The article you just read was brought to you by a few thousand dedicated readers. Will you join them?

Thanks for coming by The Tyee and reading one of many original articles we’ll post today. Our team works hard to publish in-depth stories on topics that matter on a daily basis. Our motto is: No junk. Just good journalism.

Just as we care about the quality of our reporting, we care about making our stories accessible to all who want to read them and provide a pleasant reading experience. No intrusive ads to distract you. No paywall locking you out of an article you want to read. No clickbait to trick you into reading a sensational article.

There’s a reason why our site is unique and why we don’t have to rely on those tactics — our Tyee Builders program. Tyee Builders are readers who chip in a bit of money each month (or one-time) to our editorial budget. This amazing program allows us to pay our writers fairly, keep our focus on quality over quantity of articles, and provide a pleasant reading experience for those who visit our site.

In the past year, we’ve been able to double our staff team and boost our reporting. We invest all of the revenue we receive into producing more and better journalism. We want to keep growing, but we need your support to do it.

Fewer than 1 in 100 of our average monthly readers are signed up to Tyee Builders. If we reach 1% of our readers signing up to be Tyee Builders, we could continue to grow and do even more.

If you appreciate what The Tyee publishes and want to help us do more, please sign up to be a Tyee Builder today. You pick the amount, and you can cancel any time.

Support our growing independent newsroom and join Tyee Builders today.
Canada needs more independent media. And independent media needs you.

Did you know that most news organizations in Canada are owned by just a handful of companies? And that these companies have been shutting down newsrooms and laying off reporters continually over the past few decades?

Fact-based, credible journalism is essential to our democracy. Unlike many other newsrooms across the country, The Tyee’s independent newsroom is stable and growing.

How are we able to do this? The Tyee Builder program. Tyee Builders are readers who chip into our editorial budget so that we can keep doing what we do best: fact-based, in-depth reporting on issues that matter to our readers. No paywall. No junk. Just good journalism.

Fewer than 1 in 100 of our average monthly readers are signed up to be Tyee Builders. If we reach 1% of our readers signing up to be Tyee Builders, we could continue to grow and do even more.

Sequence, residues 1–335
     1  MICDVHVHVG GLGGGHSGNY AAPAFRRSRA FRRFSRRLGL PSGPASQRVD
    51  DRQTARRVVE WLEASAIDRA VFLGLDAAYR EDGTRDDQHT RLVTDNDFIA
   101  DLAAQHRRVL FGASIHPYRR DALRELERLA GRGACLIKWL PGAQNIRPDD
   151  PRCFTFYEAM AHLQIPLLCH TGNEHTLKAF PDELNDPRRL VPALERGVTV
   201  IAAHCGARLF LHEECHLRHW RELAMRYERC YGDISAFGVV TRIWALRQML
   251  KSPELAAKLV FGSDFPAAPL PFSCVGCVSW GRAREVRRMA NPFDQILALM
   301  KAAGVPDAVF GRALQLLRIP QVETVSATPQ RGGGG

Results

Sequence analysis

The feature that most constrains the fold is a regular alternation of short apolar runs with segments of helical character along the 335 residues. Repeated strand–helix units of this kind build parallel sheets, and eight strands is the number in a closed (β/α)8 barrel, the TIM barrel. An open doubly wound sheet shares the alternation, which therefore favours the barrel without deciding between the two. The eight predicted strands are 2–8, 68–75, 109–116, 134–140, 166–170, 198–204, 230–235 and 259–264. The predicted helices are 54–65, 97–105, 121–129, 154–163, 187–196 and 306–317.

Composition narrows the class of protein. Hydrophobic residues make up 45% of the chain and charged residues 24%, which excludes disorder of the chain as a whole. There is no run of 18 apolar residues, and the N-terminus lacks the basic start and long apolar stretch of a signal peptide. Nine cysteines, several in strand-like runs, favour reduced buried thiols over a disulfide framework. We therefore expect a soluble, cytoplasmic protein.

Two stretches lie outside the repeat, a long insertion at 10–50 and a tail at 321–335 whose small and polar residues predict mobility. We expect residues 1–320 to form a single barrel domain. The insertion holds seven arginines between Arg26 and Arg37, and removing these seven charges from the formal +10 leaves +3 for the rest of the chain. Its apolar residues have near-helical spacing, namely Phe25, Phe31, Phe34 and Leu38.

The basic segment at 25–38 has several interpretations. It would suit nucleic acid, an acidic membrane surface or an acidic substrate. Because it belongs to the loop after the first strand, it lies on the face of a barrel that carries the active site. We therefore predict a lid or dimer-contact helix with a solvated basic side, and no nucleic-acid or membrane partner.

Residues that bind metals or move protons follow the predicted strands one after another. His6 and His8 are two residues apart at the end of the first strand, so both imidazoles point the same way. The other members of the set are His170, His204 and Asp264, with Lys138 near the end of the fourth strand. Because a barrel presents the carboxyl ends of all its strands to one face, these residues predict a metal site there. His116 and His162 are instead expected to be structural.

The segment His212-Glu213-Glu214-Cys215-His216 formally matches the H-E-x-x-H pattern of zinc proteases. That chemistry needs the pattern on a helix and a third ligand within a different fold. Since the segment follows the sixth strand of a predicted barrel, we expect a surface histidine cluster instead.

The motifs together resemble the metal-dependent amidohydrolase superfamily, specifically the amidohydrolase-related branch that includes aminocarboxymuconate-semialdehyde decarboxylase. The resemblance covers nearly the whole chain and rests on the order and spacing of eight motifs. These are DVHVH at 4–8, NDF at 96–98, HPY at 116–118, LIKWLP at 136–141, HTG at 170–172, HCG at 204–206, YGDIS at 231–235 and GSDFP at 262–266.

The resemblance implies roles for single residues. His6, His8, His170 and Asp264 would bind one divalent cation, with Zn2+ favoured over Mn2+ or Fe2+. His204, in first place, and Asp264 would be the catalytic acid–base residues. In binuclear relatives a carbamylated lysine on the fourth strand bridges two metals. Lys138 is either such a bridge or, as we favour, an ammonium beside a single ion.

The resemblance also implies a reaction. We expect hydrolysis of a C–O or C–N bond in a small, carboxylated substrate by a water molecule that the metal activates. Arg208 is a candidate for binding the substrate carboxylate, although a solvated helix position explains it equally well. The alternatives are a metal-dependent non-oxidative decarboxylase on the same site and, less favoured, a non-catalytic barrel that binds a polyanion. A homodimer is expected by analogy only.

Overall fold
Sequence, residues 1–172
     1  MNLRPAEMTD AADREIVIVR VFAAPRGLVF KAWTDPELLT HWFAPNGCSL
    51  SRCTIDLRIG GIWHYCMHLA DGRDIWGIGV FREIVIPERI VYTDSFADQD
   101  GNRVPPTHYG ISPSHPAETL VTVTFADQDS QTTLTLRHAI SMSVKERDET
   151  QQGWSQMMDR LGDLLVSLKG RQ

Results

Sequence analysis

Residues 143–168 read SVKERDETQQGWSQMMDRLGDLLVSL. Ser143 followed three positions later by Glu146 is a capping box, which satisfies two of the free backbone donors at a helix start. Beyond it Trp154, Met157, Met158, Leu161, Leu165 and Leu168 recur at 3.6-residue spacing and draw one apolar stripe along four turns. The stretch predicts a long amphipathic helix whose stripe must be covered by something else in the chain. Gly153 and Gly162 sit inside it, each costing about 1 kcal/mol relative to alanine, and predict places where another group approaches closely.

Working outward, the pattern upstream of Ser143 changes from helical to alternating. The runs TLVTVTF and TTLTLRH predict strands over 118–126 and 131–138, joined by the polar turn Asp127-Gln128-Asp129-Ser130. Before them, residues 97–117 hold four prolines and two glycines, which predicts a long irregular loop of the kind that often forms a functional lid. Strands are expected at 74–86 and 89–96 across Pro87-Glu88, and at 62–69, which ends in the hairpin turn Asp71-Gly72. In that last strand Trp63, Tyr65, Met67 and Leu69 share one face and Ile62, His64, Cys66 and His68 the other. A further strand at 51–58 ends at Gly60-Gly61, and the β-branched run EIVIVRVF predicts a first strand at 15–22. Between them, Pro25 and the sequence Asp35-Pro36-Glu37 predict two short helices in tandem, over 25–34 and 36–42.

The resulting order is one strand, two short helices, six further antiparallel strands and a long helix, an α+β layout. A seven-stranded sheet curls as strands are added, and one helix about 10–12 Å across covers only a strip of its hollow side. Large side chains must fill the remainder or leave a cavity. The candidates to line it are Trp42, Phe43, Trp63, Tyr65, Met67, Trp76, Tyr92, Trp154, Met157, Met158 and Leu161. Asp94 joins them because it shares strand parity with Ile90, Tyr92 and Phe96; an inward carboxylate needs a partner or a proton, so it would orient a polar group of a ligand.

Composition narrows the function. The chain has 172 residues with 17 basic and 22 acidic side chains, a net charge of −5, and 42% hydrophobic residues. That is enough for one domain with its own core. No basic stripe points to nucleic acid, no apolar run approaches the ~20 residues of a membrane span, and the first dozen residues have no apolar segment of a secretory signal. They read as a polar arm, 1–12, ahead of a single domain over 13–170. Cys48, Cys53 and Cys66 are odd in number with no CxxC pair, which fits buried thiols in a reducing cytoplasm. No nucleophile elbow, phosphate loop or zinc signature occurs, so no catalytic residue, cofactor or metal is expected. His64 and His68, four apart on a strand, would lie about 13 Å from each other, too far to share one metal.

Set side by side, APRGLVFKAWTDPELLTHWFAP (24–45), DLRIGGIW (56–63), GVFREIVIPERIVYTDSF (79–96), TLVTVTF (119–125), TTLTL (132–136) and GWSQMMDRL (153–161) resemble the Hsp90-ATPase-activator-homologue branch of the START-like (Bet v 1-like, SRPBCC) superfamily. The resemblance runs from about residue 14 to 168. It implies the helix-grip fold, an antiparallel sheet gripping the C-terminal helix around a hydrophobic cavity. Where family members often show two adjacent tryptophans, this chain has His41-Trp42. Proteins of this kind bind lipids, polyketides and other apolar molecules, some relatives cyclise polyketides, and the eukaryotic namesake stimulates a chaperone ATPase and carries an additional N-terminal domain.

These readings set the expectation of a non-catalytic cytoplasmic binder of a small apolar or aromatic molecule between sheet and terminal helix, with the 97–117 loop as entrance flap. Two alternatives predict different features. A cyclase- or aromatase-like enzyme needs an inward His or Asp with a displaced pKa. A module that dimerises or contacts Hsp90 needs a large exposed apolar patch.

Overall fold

If you appreciate what The Tyee publishes and want to help us do more, please sign up to be a Tyee Builder today. You pick the amount, and you can cancel any time.

Support our growing independent newsroom and join Tyee Builders today.
We value: Our readers.
Our independence. Our region.
The power of real journalism.
We're reader supported.
Get our newsletter free.
Help pay for our reporting.
News

Virk Removed as Advanced Education Minister, Handed Tech Portfolio

MLA's actions on Kwantlen University board have generated controversy.

By Andrew MacLeod 18 Dec 2014 | TheTyee.ca

Andrew MacLeod is The Tyee's Legislative Bureau Chief in Victoria. Find him on Twitter or reach him here.

image atom
Amrik Virk was shuffled out of his position as Minister of Advanced Education. Credit: Leg.bc.ca.

Amrik Virk, whose actions while on the board of Kwantlen Polytechnic University have been the subject of controversy in the legislature, was today removed as minister of advanced education.

Premier Christy Clark made the announcement mid-afternoon on Dec. 18, swapping Virk with Andrew Wilkinson. Virk moves to Wilkinson's old role as minister of technology, innovation and citizens' services.

"I think it's the right thing he's out of advanced education," said Kathy Corrigan, the NDP's advanced education critic.

However, the demotion doesn't go far enough, she said. "I don't think he should be minister of anything right now. I don't think he should be in cabinet."

Served on Kwantlen board

In the legislature the NDP had revealed that the board of Kwantlen, which had at the time included Virk, had in 2011 circumvented provincial policies that would have limited the pay of senior executives.

A review into the matter by finance assistant deputy minister Rob Mingay that was released in June 2014, found "there were failures to disclose under the compensation disclosure guidelines."

After the NDP tabled documents in the legislature this fall that showed more evidence of Virk's involvement, Mingay re-opened his investigation and today his amendments to his report were released.

Corrigan said Virk broke the rules, then tried to cover up his actions. "It shows there's an integrity issue here, and I don't think he should be rewarded with another cabinet position."

David Eby, who was formerly the NDP's advanced education critic and first raised the Kwantlen issue, said Virk lied to the legislature about his involvement.

"I do think it raises the question about why Mr. Virk is still in cabinet given his conduct,” Eby said.

Virk, a retired RCMP officer who'd been a volunteer on the Kwantlen board, was not immediately available for comment.

"These changes allow us to make the decisions necessary for a thriving province," Clark's announcement of the cabinet swap said.  [Tyee]

Read more: Education, BC Politics

Share this article

The Tyee is supported by readers like you

Join us and grow independent media in Canada

Facts matter. Get The Tyee's in-depth journalism delivered to your inbox for free.

LATEST STORIES

The Barometer

Are You Concerned about Rising Support for Canada’s Far-Right Parties?

Take this week's poll